My thanks to Steerforth Press/Pushkin Press and Netgalley for a review copy of this book.
The Swish of the Curtain is the first of the Blue Door series of books by Pamela Brown, first published in the 1940s. This is a series a goodreads friend of mine had been telling me about for years but I hadn’t so far been able to get my hands on a copy. When I noticed that this series was being brought out again, and this was being offered on NetGalley, I jumped at the chance.
This is essentially the story of seven children between the ages of 9 and 17 (three sets of siblings, a pair among them twins) who are all interested in the stage, and are coincidentally talented in different ways in that direction. By accident, they discover a derelict place in their town of Fenchester where they can try out their talents, and form the Blue Door Theatre Company which stages amateur performances of various plays—from scenes from Shakespeare to pantomimes to plays that they write themselves, complete with songs and music. Lyn is a talented actress, Jeremy a violinist, Sandra designs and sews costumes, while Nigel does the sets (besides all of them acting of course)—the others, Maddy, the youngest, Bulldog, and Vicky too have different talents acting and dancing. Their parents are sceptical of their talents but the children soon prove that they have it in them. While this leads to praise and encouragement from their vicar and even the Bishop, their parents still want them to take up more conventional lines of work. The children, however, dream of going on the stage professionally. Will their dreams be realised, or will they have to give in to their parents’ diktats? To know you will have to read the story of course.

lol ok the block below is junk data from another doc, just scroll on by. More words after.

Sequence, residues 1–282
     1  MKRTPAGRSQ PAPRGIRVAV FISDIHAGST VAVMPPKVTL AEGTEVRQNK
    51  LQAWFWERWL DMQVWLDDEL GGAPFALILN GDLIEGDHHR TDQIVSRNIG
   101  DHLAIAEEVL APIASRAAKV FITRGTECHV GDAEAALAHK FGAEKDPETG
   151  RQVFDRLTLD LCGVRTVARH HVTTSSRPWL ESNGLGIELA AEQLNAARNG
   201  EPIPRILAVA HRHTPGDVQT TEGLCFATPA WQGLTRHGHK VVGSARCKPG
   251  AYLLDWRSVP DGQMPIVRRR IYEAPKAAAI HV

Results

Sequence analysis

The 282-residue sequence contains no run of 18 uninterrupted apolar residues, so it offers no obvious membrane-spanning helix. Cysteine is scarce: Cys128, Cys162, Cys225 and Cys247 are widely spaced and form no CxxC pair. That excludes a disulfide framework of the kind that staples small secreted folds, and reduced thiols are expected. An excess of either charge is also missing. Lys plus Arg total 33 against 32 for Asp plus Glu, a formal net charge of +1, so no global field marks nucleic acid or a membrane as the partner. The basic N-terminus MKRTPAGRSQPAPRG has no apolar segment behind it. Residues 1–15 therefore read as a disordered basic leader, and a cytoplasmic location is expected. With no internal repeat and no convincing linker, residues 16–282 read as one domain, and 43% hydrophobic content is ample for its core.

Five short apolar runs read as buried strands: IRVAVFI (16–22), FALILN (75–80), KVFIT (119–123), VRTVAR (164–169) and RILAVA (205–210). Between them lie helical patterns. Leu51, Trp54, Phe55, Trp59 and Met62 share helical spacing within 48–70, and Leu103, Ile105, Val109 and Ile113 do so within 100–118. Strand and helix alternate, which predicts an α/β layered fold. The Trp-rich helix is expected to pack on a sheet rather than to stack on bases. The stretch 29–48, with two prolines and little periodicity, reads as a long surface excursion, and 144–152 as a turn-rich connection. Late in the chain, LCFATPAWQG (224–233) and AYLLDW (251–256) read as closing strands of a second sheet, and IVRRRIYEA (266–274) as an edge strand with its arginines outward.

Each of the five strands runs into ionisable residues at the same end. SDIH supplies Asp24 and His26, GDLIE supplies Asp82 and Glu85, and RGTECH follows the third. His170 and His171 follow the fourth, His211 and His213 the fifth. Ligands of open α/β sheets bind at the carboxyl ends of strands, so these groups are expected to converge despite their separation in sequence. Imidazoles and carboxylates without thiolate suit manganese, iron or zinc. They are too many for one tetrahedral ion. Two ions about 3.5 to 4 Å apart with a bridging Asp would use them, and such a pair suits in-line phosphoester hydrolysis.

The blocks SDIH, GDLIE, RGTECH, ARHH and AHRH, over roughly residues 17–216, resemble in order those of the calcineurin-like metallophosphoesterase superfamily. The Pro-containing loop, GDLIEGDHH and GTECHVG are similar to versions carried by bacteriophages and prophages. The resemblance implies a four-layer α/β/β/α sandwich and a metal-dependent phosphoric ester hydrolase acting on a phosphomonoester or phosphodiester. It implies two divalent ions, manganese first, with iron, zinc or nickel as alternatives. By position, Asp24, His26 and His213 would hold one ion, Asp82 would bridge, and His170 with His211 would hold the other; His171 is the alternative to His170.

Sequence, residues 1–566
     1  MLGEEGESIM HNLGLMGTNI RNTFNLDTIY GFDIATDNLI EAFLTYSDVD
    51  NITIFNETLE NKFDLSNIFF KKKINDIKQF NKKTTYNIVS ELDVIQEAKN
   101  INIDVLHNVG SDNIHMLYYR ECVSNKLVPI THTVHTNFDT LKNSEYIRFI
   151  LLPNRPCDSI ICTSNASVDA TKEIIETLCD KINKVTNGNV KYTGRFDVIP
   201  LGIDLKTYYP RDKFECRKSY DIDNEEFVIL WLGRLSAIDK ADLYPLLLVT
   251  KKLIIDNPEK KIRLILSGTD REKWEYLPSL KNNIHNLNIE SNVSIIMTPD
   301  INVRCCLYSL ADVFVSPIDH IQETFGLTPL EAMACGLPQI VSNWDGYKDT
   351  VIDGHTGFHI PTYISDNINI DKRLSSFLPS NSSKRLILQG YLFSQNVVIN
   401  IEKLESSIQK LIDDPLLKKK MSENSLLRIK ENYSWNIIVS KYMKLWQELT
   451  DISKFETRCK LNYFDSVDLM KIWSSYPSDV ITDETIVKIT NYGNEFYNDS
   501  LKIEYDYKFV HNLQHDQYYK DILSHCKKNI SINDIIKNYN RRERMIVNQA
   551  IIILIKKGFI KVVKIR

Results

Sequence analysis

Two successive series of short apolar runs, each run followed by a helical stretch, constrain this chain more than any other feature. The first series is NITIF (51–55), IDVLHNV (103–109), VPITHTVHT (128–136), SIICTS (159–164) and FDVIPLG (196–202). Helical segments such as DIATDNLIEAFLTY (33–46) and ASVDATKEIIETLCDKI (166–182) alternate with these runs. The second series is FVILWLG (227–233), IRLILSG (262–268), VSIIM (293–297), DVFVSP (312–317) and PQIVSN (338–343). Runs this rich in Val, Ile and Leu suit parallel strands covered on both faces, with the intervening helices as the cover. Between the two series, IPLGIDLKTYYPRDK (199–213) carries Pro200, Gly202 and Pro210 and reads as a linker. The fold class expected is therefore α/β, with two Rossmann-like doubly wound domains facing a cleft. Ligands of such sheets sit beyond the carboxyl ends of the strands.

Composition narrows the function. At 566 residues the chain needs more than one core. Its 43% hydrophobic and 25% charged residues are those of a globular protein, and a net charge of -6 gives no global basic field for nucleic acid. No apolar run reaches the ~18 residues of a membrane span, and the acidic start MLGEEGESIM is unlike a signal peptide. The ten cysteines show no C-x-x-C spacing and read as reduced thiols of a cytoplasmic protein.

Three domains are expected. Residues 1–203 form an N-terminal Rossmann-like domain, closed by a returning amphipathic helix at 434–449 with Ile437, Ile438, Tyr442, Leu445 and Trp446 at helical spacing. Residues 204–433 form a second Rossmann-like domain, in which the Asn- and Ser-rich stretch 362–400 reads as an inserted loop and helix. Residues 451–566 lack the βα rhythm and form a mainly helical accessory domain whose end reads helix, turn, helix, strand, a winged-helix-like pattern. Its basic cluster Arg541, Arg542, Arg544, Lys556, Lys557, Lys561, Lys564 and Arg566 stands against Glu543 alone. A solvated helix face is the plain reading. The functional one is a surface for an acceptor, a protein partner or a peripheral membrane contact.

This book did take me a little while to get into (possibly my fault rather than the book) but after I got a little way in, I really began to enjoy it, and wanted to keep reading on to see how the children got on with things. The story of course is of their various adventures in getting their theatre together as well as putting up the various theatricals which they come up with or are asked to put on, but it is also about their ambitions to really do something on stage professionally, and how this leads to much unpleasantness with their parents, who don’t see things in the same way as they do. These parts of the story I thought were really well done. Obviously one finds oneself supporting the children, but one can see the point the parents have since their decisions come from their worries about their children’s future. Also enjoyable were the performances the children put up, since one goes through the whole process with them, from planning and writing the plays to set design, rehearsals, make-up and costumes, to the actual show, it is great fun seeing all of it play out. But aside from all of this, what had me in awe of this book was that it was written by Pamela Brown (who herself did go on stage as well) when she was 14 or 15, and it is remarkable how she has brought out not only the aspects of the performance, the writing of the plays, and songs, but also their parents worries about their future and their ‘clashes’ with the children, and even their dismal (or close to) performance at school—I mean even though the reader’s (and her) support is for the children, Brown does manage to still give a picture of all the characters’ viewpoints, and objectively assess the children themselves (their anger, jealousy, strengths, and weaknesses) and also in some ways, the grown-ups. Very enjoyable read. Four and a half stars.